Originally published in The Boston Review on 9/29/16.
The queer rights movement has created a plethora of memorable slogans: Silence = Death, Gay Is Good, Out of the Closets and into the Streets. But my favorite is the deceptively mild We Are Everywhere. To homophobes, it evokes horror-movie tropes, half Invasion of the Body Snatchers, half “the call is coming from inside the house.” To queer people, however, it whispers of a community hidden in plain sight, of queerness bursting forth unexpectedly like water from the rock at Rephidim. The political plasticity of “we” makes it the perfect basis for queer organizing, as it evokes a sexuality that is expressed not via particular actions or identities, but solely through solidarity with other queers—yet therein also lies a problem. If the foundation of our organizing requires placing a premium on our sexuality or gender identity as it has been defined by a largely white, urban, bourgeois queer movement, what happens to same-sex loving, gender non-conforming individuals who can’t, don’t, or won’t fit the mold? Are they less queer, or simply less considered? As neighborhoods, nonprofits, and social-justice movements get built by and for those whose primary identification is around a particular vision of queerness, it becomes harder and harder to see the needs, ideas, or very existence of other queers. And because this kind of organization requires aggregation, it tends to happen in cities and lionize urban life, whose sexual skyscrapers cast long, obscuring shadows over the towns and fields of rural queerness.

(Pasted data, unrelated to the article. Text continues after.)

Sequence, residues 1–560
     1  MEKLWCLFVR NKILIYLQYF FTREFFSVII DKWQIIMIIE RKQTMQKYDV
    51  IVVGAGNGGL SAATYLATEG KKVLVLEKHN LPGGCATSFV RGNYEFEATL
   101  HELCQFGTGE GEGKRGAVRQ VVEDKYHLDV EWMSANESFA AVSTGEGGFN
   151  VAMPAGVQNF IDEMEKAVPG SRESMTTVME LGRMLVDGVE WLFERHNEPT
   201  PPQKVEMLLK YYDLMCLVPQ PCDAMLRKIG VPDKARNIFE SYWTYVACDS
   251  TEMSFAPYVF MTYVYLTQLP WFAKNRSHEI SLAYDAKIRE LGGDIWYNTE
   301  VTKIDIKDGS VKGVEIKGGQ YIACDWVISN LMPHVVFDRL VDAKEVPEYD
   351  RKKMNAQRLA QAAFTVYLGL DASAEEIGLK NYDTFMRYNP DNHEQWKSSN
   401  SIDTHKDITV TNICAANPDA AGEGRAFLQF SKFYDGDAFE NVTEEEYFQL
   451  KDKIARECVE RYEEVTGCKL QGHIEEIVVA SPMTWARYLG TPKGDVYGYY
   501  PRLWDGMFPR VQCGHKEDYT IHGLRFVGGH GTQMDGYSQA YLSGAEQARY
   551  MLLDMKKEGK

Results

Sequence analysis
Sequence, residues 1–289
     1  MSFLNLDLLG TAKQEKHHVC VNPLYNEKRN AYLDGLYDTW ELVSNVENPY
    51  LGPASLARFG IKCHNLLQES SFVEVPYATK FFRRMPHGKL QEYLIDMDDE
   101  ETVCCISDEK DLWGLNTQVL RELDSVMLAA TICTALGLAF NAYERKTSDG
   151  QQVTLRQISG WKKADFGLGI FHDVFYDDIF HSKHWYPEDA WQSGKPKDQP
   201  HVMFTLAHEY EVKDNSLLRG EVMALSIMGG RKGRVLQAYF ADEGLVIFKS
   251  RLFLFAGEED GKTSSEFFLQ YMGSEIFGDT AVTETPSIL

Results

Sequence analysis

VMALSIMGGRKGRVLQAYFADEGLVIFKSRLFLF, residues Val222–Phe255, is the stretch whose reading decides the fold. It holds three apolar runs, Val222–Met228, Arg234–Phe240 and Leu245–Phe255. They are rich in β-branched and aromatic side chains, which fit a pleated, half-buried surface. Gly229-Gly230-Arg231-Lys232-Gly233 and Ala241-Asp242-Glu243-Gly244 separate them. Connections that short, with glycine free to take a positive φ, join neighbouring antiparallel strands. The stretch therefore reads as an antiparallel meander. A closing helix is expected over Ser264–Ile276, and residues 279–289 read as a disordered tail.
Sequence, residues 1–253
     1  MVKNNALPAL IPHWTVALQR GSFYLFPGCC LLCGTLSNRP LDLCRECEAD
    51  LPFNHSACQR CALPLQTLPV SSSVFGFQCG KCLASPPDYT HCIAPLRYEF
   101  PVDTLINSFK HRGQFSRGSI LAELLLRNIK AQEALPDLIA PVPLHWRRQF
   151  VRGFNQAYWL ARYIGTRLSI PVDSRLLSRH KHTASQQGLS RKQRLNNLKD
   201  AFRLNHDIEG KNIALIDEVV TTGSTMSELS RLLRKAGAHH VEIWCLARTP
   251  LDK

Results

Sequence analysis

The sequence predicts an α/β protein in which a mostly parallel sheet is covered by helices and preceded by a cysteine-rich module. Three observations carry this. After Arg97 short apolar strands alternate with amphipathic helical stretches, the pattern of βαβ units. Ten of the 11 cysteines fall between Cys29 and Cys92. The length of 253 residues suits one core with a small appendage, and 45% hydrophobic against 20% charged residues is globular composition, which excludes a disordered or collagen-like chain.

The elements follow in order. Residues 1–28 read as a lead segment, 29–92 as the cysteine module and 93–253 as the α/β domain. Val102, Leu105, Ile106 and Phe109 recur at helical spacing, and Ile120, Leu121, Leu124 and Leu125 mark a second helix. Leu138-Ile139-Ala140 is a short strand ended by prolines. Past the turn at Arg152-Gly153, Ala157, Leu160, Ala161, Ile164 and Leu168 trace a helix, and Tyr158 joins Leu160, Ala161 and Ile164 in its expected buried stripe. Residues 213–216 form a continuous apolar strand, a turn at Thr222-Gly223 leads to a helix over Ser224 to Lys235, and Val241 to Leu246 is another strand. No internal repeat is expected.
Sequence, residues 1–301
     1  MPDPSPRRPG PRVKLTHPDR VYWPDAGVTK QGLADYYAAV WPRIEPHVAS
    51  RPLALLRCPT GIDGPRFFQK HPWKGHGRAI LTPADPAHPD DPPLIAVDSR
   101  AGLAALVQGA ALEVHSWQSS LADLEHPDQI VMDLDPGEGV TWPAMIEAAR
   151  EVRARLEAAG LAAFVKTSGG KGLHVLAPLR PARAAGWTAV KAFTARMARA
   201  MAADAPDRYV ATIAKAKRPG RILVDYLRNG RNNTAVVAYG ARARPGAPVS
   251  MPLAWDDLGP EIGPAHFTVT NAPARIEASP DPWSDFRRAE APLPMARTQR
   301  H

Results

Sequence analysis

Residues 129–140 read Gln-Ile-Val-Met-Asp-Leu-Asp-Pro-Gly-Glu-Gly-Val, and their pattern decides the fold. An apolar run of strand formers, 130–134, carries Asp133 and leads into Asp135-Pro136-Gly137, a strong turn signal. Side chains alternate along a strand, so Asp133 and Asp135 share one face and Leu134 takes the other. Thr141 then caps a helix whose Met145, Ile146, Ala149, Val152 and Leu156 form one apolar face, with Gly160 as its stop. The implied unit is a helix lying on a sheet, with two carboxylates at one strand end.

Indeed many see queer sexuality as inseparable from famous gayborhoods such as New York City’s Greenwich Village, San Francisco’s Castro, and Chicago’s Boystown. In the biomythography of many American queers, the countryside is the place we escape from, the grim before to our urban happily-ever-after. However, this stereotype obscures the fact that many queer Americans, either by chance or by choice, dwell in small towns and rural places. Overlooked by the national gay rights movement and underrepresented in the media, they have rarely been seen as important subjects for scholarship and political representation. And when they are, it is often after some tragedy, such as the murders of Brandon Teena and Matthew Shepard.
For many gay Americans, the countryside is a place we escaped. But what would it mean to consider rural queerness in a positive light?